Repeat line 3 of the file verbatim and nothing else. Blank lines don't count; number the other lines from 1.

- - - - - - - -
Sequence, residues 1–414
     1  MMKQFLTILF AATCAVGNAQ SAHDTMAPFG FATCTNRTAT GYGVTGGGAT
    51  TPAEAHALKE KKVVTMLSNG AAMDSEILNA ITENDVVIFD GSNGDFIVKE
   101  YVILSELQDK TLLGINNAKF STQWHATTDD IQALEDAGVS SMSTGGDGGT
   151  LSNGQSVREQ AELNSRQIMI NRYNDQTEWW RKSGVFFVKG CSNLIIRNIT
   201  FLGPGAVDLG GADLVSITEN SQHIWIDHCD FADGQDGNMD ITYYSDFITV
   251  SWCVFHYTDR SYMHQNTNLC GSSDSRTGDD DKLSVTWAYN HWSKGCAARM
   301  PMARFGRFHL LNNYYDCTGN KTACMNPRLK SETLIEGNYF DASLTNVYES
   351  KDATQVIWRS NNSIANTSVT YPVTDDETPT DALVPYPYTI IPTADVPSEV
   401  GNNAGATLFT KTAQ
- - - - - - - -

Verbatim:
    51  TPAEAHALKE KKVVTMLSNG AAMDSEILNA ITENDVVIFD GSNGDFIVKE